The University of Southampton
University of Southampton Institutional Repository

A position-sensitive detector for hard X-ray astronomy

A position-sensitive detector for hard X-ray astronomy
A position-sensitive detector for hard X-ray astronomy

Astronomy in the hard X-ray region of the electromagnetic spectrum (20 - 250 keV) provides an essential insight into some of the most energetic processes occurring both in our galaxy and beyond. The current status of hard X-ray astronomy is reviewed, and conclusions concerning the required performance of the next generation of imaging telescopes are reached. Imaging in this waveband is made difficult by; the penetrating nature of the X- ray photons, which makes the use of conventional optics impossible. The techniques applicable to hard X-ray imaging are reviewed, with the emphasis being placed upon modulation imaging in which specially designed apertures are used to modulate the incoming source flux according to the position of the source within the field of view. Hard X-ray detection techniques suitable for use with modulation imagers are reviewed. The recent development of position-sensitive photomultipliers, which are now available in a variety of configurations, has created a new possibility for the construction of hard X-ray detectors with the spatial resolution necessary to achieve the goal of arc minute imaging with a coded aperture imaging system. One particular type of position-sensitive photomultiplier has been evaluated in conjunction with a thin NaI(Tl) scintillation crystal to examine its potential in a number of X-ray imaging roles. The basic performance of the photomultiplier is assessed, and a method for using such a detector as a hard X-ray imager is developed. The intrinsic imaging capability of the detector may be relevant in applications where a relatively small detection area is sufficient, but for use in hard X-ray astronomy where the source flux is dominated by the background, a much larger detection area is essential. Methods for constructing large area detectors using position-sensitive photomultipliers are considered, as is the possibility of a position-sensitive phoswich based on the same techniques. Other applications of a compact hard X-ray imaging system are also considered.

University of Southampton
Bird, Antony John
Bird, Antony John

Bird, Antony John (1990) A position-sensitive detector for hard X-ray astronomy. University of Southampton, Doctoral Thesis.

Record type: Thesis (Doctoral)

Abstract

Astronomy in the hard X-ray region of the electromagnetic spectrum (20 - 250 keV) provides an essential insight into some of the most energetic processes occurring both in our galaxy and beyond. The current status of hard X-ray astronomy is reviewed, and conclusions concerning the required performance of the next generation of imaging telescopes are reached. Imaging in this waveband is made difficult by; the penetrating nature of the X- ray photons, which makes the use of conventional optics impossible. The techniques applicable to hard X-ray imaging are reviewed, with the emphasis being placed upon modulation imaging in which specially designed apertures are used to modulate the incoming source flux according to the position of the source within the field of view. Hard X-ray detection techniques suitable for use with modulation imagers are reviewed. The recent development of position-sensitive photomultipliers, which are now available in a variety of configurations, has created a new possibility for the construction of hard X-ray detectors with the spatial resolution necessary to achieve the goal of arc minute imaging with a coded aperture imaging system. One particular type of position-sensitive photomultiplier has been evaluated in conjunction with a thin NaI(Tl) scintillation crystal to examine its potential in a number of X-ray imaging roles. The basic performance of the photomultiplier is assessed, and a method for using such a detector as a hard X-ray imager is developed. The intrinsic imaging capability of the detector may be relevant in applications where a relatively small detection area is sufficient, but for use in hard X-ray astronomy where the source flux is dominated by the background, a much larger detection area is essential. Methods for constructing large area detectors using position-sensitive photomultipliers are considered, as is the possibility of a position-sensitive phoswich based on the same techniques. Other applications of a compact hard X-ray imaging system are also considered.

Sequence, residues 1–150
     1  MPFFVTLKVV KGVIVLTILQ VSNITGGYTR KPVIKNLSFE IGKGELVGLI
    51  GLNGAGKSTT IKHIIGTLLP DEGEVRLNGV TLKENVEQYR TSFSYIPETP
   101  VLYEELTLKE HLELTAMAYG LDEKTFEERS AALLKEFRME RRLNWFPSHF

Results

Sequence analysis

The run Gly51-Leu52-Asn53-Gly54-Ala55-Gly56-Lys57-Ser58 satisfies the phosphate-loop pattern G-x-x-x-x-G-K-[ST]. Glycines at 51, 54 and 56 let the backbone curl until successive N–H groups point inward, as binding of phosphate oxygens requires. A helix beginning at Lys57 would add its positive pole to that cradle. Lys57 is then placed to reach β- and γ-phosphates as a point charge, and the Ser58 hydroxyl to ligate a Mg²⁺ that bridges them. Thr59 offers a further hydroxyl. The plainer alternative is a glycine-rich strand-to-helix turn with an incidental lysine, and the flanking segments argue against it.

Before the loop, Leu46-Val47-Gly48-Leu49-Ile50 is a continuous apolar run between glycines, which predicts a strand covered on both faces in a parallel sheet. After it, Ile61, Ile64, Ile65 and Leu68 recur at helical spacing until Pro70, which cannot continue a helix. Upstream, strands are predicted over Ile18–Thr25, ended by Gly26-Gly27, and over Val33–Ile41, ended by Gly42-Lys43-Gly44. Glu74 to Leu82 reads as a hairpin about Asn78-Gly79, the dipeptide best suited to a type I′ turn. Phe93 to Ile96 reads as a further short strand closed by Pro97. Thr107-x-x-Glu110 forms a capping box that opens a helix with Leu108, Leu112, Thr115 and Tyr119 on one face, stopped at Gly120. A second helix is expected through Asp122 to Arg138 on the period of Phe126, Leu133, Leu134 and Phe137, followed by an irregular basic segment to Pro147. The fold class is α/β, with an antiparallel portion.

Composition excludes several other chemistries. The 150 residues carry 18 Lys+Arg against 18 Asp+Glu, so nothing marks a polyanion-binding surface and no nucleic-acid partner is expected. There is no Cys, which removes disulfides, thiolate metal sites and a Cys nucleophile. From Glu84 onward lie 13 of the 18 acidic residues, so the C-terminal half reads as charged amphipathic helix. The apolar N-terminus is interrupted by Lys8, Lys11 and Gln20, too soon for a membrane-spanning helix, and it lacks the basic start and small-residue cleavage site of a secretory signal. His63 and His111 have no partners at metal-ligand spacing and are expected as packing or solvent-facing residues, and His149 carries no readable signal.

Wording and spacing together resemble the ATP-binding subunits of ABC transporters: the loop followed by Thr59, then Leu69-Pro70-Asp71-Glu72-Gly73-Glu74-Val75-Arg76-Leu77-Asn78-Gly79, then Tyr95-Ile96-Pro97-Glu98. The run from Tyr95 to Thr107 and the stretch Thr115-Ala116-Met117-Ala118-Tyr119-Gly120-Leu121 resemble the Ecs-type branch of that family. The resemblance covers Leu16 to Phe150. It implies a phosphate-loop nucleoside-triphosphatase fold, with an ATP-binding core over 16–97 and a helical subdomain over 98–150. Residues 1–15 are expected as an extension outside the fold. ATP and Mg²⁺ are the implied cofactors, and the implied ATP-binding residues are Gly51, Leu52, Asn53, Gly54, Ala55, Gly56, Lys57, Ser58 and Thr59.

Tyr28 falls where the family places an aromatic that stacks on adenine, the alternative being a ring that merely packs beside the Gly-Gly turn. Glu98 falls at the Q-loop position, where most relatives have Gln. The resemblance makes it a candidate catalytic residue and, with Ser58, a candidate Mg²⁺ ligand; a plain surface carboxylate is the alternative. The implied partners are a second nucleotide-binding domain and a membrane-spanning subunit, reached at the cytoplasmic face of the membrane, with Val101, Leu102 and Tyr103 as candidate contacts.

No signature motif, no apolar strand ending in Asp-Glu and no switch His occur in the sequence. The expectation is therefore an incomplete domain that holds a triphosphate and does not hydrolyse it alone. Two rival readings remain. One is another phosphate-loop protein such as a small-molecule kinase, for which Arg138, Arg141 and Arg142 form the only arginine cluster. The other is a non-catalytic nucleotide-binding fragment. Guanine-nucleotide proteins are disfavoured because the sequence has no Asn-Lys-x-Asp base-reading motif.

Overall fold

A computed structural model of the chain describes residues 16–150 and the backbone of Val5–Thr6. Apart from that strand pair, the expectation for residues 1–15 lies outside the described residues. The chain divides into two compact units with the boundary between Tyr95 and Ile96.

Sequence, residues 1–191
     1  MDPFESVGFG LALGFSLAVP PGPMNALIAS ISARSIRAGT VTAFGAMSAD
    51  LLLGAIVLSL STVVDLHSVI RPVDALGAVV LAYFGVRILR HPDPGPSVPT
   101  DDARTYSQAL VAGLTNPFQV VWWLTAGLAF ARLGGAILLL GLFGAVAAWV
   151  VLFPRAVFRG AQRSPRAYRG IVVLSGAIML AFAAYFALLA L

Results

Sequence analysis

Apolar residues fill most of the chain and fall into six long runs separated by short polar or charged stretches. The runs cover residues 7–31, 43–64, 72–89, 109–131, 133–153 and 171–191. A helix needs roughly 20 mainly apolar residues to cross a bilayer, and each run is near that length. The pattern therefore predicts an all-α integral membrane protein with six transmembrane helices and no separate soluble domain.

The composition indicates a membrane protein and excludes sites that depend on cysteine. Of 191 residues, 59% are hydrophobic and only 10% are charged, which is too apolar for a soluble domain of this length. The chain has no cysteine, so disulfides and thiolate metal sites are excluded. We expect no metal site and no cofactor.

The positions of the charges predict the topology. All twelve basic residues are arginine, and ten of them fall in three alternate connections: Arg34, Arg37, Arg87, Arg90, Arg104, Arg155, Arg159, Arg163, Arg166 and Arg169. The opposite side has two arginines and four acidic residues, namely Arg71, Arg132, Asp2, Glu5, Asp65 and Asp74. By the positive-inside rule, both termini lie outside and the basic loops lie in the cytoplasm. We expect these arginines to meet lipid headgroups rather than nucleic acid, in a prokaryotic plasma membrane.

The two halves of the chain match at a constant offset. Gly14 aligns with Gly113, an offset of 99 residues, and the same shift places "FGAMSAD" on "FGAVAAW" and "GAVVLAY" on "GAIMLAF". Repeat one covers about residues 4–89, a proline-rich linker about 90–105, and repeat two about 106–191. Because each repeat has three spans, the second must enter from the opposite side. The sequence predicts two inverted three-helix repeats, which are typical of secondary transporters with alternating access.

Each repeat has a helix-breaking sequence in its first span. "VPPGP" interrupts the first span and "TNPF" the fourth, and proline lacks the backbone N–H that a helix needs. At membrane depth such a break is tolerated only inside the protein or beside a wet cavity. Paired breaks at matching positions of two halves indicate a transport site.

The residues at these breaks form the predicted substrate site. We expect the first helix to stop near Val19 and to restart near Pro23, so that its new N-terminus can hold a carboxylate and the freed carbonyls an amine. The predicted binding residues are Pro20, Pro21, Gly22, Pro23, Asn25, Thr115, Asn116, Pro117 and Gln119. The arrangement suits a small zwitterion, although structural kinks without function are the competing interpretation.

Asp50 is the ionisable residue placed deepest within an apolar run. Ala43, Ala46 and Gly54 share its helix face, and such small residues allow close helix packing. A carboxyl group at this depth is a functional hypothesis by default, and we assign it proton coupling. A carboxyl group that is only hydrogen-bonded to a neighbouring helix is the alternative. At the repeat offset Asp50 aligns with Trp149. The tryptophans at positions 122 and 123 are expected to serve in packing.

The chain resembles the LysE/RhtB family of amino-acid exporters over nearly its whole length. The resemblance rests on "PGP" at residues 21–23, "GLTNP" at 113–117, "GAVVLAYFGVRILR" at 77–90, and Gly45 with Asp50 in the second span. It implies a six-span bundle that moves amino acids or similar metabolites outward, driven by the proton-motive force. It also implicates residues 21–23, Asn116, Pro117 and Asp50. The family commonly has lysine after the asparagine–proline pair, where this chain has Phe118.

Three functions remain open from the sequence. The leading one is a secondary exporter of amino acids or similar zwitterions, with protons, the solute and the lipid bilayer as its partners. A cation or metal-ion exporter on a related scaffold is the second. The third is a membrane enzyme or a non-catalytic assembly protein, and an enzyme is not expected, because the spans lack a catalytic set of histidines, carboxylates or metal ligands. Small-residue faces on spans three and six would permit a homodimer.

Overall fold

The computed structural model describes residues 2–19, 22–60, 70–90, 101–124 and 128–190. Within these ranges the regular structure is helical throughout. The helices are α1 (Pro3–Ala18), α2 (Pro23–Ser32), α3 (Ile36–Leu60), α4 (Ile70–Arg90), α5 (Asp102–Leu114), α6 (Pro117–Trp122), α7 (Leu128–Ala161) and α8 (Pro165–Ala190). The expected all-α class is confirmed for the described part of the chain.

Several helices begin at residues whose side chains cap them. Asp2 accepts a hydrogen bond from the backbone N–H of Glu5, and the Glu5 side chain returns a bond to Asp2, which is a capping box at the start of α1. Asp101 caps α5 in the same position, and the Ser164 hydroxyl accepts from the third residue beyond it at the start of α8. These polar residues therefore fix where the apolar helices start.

Text
29938.pdf - Version of Record
Available under License University of Southampton Thesis Licence.
Download (11MB)

More information

Published date: 1990

Identifiers

Local EPrints ID: 458346
URI: http://eprints.soton.ac.uk/id/eprint/458346
PURE UUID: ea394d4a-5651-4585-b9c1-36f9ab3c85f7

Catalogue record

Date deposited: 04 Jul 2022 16:47
Last modified: 04 Jul 2022 17:23

Export record

Contributors

Author: Antony John Bird

Download statistics

Downloads from ePrints over the past year. Other digital versions may also be available to download e.g. from the publisher's website.

View more statistics

Atom RSS 1.0 RSS 2.0

Contact ePrints Soton: eprints@soton.ac.uk

ePrints Soton supports OAI 2.0 with a base URL of http://eprints.soton.ac.uk/cgi/oai2

This repository has been built using EPrints software, developed at the University of Southampton, but available to everyone to use.

We use cookies to ensure that we give you the best experience on our website. If you continue without changing your settings, we will assume that you are happy to receive cookies on the University of Southampton website.

×